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Re: Slowdown around 5.0.5-dev-0

On Oct 10,  8:32pm, Sebastian Gniazdowski wrote:
} As for the code, it's interesting that it is just existence of large
} array that slows down things.

To the best of my understanding (not having written the original code),
the zsh heap works like this:

The "heaps" and "fheap" pointers start out NULL.

The first zhalloc() creates a block of memory either of the "arena size"
or the size requested, whichever is larger.  This block has a header
that contains a pointer to another block (initially NULL), and a counter
of the amount of allocated space in the current block.

On subsequent zhalloc(), either a pointer to the end of allocated
space in the existing block is returned (if sufficient space), or a
new block is allocated and linked through the pointer in in the header
of the existing block.  Thus a linked list of partially-filled blocks
may be built up.

Every zhalloc() therefore looks for space in the first block it can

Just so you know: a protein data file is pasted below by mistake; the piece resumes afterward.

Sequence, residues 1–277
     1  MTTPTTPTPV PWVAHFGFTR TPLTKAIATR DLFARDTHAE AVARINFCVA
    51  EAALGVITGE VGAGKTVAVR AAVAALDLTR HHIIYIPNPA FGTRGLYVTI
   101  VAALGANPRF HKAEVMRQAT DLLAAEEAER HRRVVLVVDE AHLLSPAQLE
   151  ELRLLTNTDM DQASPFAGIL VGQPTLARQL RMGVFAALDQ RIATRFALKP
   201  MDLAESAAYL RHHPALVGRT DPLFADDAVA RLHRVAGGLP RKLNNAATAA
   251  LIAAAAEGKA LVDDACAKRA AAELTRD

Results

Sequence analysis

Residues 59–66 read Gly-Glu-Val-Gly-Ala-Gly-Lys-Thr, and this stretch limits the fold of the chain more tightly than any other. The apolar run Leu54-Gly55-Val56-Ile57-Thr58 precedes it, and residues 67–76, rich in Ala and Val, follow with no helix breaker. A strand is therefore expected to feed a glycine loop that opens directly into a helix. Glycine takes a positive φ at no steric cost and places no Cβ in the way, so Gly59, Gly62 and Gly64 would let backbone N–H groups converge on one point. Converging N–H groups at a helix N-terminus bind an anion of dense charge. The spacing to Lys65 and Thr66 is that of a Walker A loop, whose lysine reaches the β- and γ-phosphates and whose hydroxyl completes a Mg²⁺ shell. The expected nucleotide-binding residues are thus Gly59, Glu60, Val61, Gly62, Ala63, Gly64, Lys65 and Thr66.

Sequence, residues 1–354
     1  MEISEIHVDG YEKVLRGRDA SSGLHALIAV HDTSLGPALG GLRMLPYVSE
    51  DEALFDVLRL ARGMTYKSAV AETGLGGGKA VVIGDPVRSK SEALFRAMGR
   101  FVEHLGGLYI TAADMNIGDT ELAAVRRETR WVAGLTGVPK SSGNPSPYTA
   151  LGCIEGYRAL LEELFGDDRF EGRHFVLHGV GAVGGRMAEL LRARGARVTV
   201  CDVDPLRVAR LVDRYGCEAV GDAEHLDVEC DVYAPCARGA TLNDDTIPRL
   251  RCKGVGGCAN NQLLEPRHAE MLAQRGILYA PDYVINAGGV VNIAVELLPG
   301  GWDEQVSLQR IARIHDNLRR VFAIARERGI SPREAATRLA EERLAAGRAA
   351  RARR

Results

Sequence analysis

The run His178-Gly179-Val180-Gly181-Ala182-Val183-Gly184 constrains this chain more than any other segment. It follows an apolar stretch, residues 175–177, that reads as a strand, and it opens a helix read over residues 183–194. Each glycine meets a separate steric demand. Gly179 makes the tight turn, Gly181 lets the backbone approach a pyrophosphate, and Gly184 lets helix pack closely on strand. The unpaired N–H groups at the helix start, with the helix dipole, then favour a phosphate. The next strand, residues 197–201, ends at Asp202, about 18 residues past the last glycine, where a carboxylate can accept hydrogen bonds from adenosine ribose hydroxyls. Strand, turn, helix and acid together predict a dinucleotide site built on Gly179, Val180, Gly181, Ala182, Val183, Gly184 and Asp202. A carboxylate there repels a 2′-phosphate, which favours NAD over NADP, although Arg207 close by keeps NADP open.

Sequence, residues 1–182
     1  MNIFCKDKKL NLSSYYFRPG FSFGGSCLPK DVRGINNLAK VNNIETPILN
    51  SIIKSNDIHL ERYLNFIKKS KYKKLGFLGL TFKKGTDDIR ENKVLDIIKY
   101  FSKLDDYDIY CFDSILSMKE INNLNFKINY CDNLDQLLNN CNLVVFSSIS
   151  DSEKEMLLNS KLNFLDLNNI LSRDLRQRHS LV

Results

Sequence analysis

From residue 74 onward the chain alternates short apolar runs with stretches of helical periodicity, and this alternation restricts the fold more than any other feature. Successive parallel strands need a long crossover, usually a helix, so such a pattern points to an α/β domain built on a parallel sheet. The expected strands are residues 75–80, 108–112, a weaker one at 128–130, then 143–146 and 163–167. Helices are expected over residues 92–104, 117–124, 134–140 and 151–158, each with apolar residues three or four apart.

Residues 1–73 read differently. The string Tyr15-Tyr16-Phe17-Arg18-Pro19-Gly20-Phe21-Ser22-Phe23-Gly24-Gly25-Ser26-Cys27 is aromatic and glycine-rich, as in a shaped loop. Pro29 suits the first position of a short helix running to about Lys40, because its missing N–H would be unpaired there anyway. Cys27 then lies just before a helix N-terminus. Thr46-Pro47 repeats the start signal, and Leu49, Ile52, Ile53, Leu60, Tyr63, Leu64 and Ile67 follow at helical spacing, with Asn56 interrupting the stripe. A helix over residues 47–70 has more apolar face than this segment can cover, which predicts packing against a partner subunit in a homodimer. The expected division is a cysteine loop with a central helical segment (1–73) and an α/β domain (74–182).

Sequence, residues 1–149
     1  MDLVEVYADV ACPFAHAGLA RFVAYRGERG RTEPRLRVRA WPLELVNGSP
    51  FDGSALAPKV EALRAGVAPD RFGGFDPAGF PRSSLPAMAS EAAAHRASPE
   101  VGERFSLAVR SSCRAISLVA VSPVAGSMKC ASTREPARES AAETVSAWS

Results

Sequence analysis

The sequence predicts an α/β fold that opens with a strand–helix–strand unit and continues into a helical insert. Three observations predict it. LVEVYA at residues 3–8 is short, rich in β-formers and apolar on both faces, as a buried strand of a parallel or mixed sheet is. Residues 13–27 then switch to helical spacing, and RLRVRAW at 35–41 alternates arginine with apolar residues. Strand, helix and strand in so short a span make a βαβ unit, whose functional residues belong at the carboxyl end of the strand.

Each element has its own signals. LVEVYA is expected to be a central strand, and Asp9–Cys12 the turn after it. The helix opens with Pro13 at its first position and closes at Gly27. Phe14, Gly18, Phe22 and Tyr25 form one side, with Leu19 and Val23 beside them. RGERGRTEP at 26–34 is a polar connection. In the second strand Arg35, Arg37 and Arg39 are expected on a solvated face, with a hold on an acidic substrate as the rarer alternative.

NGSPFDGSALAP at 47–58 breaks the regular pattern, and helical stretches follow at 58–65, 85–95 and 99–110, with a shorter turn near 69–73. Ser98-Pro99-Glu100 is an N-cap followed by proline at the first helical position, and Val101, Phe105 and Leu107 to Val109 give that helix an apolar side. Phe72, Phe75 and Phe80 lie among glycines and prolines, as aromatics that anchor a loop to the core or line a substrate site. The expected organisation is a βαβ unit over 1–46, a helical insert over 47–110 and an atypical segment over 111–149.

find that has enough.  As an optimization, the "fheap" pointer is left
pointed at the earliest block that has any free space, so full blocks
can be skipped by the search at allocation time.  However, if the only
block with available space is the last (most recently allocated) one,
fheap becomes invalid when that block is freed.

On pushheap(), a linked list of free space positions (struct heapstack)
is created for each existing block in the heap.  The effect is that
every block is its own stack of heaps; there isn't a single global
stack of heaps.  On popheap() or freeheap(), the list of free space
positions is traversed and the free pointer in each heap block is
reset to its position at the time it was pushed onto the stack.

It is this reset traversal that causes the slowdown.  If all the existing
heap blocks are completely filled before the pushheap() occurs, fheap is
invalidated on every free, and then we spend a lot of time uselessly
resetting the free space pointers in those existing blocks.

(We also invalidate fheap any time we temporarily switch to a new heap,
which currently happens in completion, so completion operations will
invoke additional scans for arenas with free space.)

} The large 89k array "sleeps" waiting for change

Yes, so it fills the top of the heap and occupies it forever, thereby
causing the heap blocks it occupies to be uselessly traversed seeking
available space every time the smaller array is manipulated.

This suggests a couple of possible fixes, but I've run out of time to
experiment right now.

Barton E. Schaefer

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